Friday, September 28, 2012

Data deluge measured in "quintillions" as tech companies race to meet the need for speed

By Business editor Peter Ryan

The explosive growth of popular social media sites like Facebook and Twitter in recent years has created a daily challenge to make data move increasingly faster.

The instant voice messages, photos and videos that ordinary people take for granted are competing for space with the massive amounts of data churned out by businesses and governments.

Technology companies are now racing to install the latest server technology in a cut-throat race to meet the growing need for speed.

And while gigabytes and terabytes might sound big to computer novices, the experts are now using numbers like quintillion to describe the deluge of data.

Apple co-founder and Fusion IO chief scientist Steve Wozniak in Sydney
 Listen to the story from this morning's AM.

David Flynnn, chief executive of the US-listed technology company Fusion IO, can keep a room silent as he explains the mind-boggling measures of data in quintillions.

"It is 18 zeros - one with 18 zeros. That is the equivalent of a billion billion or a million trillion. Why do I use this number - because today the world is generating two and a half quintillion bytes of data every single day," Mr Flynn told AM..

"If bytes were buckets of water, you're talking about it taking just 20 weeks to fill the entire oceans of the planet with data."

It's a far cry from this correspondent's first computer bought in 1992 that came with data storage of just 40 megabytes.

But apart from deeper data and lightning speeds for consumers, businesses and governments, how can better technology improve everyday lives?

David Flynn, who is visiting Australia to drum up business, uses this example of a US client who wanted faster download speeds for a one hour high definition movie.

"They figured if they could get that one hour worth of content down to 15 minutes, that it would be a total win," Dr Flynn said.

"I learned last week that the initial test results, that one hour movie, 39 seconds. They came back and said, you don't understand. This changes our whole business."

Fusion IO boasts some big global clients who need to move real time data, video and audio such as Facebook, Apple and Westpac.

The company also has a big name as its chief scientist - Apple's co founder and speed evangelist Steve Wozniak who thinks today's technology is just the start of a new love affair with mobile devices.

"Consumer products are moving more and more towards that touch of artificial intelligence and in particular speaking to your devices and having your voice sent off to the cloud, recognised and analysed on good computers there and transmitted back," Mr Wozniak said.

"That's a huge amount of data. The more and more we use voice, that's going to be the trend."

It might not be as glamorous as artificial intelligence, but David Flynn says new technology is already at work here in Australia where the supermarket giant Woolworths is getting a much faster reading of its national sales.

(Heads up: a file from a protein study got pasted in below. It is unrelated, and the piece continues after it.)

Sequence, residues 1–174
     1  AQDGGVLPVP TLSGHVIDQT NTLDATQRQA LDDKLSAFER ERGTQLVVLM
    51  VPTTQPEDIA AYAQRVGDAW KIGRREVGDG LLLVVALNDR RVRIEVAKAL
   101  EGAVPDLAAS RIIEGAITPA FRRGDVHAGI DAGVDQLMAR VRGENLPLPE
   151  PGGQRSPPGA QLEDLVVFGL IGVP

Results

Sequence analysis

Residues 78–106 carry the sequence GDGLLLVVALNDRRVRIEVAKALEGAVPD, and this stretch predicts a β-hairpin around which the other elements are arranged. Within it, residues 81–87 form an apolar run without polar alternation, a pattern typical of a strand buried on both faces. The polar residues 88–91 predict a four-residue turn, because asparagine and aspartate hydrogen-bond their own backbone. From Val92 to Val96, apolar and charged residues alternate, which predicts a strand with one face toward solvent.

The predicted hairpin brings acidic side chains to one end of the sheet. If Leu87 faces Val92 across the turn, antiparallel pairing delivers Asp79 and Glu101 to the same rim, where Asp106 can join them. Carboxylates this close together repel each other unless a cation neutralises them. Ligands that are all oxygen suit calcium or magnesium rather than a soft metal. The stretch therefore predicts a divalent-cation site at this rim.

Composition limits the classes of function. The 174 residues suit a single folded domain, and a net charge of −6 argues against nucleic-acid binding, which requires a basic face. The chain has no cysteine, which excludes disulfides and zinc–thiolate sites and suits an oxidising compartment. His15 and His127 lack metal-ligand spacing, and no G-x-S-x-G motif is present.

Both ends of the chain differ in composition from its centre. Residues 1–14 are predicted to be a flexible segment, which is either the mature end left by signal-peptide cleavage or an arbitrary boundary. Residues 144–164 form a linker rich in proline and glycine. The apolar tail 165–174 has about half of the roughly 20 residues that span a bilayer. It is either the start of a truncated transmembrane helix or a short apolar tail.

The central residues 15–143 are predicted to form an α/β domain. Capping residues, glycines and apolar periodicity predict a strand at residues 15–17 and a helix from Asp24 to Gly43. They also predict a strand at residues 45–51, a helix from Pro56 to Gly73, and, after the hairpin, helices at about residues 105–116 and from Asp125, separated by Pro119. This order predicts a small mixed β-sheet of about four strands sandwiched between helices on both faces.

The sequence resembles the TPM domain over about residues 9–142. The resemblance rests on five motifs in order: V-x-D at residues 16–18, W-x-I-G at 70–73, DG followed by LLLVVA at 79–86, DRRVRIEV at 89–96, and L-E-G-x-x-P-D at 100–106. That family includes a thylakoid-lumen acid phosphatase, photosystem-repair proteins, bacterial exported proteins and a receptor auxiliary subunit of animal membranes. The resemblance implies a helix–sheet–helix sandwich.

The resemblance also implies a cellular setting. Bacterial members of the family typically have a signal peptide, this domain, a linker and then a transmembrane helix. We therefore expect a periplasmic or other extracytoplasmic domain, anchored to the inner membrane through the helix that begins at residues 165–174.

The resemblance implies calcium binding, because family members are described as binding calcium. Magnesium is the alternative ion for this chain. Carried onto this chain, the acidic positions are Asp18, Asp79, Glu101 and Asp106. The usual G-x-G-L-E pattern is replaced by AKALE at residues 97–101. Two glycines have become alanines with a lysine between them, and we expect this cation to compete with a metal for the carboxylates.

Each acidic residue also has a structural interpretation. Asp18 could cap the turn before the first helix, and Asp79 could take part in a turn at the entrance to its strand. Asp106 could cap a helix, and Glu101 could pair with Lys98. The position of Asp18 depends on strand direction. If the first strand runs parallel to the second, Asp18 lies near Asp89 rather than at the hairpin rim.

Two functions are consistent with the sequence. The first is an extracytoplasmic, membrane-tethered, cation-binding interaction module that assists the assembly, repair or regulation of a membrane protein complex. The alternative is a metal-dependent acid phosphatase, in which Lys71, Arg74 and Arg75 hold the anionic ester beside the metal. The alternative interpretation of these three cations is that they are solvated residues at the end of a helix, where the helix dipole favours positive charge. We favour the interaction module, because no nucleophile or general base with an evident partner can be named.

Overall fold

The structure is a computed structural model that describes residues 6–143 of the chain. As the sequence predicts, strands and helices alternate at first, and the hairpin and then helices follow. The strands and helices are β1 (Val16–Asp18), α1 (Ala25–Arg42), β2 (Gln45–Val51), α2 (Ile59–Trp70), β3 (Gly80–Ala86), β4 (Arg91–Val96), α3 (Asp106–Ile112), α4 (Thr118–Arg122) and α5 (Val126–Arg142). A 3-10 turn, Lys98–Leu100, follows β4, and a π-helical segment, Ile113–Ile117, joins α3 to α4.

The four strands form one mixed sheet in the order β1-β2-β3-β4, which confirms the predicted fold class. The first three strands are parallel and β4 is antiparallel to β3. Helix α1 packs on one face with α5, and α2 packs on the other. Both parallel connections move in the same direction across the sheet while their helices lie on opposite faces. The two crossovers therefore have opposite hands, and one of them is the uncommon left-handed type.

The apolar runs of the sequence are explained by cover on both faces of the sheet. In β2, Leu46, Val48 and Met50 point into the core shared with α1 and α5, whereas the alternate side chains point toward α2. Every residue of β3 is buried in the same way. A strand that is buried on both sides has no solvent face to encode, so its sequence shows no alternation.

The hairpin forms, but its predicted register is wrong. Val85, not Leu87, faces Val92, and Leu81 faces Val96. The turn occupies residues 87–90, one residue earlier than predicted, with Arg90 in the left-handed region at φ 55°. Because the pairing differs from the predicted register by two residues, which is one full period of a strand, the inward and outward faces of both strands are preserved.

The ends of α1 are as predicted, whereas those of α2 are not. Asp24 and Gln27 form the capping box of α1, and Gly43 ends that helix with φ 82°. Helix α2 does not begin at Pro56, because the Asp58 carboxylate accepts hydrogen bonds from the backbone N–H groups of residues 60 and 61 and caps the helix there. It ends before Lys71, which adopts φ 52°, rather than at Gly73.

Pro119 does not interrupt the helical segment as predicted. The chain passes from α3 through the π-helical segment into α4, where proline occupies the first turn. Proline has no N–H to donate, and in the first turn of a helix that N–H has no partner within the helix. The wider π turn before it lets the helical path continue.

"It took them 17 hours to do the analytics each week of what was selling. They wanted this report every Monday morning for the executive meeting so they could look at how things are going," Mr Flynn said.

"But the problem is with 17 hours, they could not incorporate the weekend and the weekend of course was the most important part of the retailing.

"They were able to move that down from 17 hours to three hours."

It's a dry, even boring, example. But faster data processing in retail could mean a better deal at the checkout for consumers.

And the speed of information traffic - along with consumer expectations - is expected to grow once Australia's national broadband network is finally rolled out.
Twitter: @peter_f_ryan

1 comment:

  1. Firstly, I doubt experts really are using stupid words like "quintillions", except to confound idiots and/or support grant proposals. If a "quintillion" is 10^18 then the correct prefix is exa, as in exabytes (although in computer terms it should be 2^60, which is 15% more than 10^18). Also, the analogy of a bit to a bucket of water (10 kg) is ridiculous. Even 10 kilos of punchcards could encode at least kilobytes of data.

    Secondly Steve Wozniak's comments are nothing but spruiking for services people could access for free with simple software that has been available for decades. Instead, apparently we are to give away our personal data to private corprorations so that they can freely sell our identities for profit in exchange for giving us a "free" service.

    To put it in perspective, a "quintillion" bytes is a million person-years of voice data-- under Wozniak's scenario, none of which would even need to enter the Internet if it wasn't for the artificial scarcity that has brought about "the cloud".

    Thirdly, could I ask, why are my taxes being paid to "drum up business" (your words) for a snake-oil salesman?


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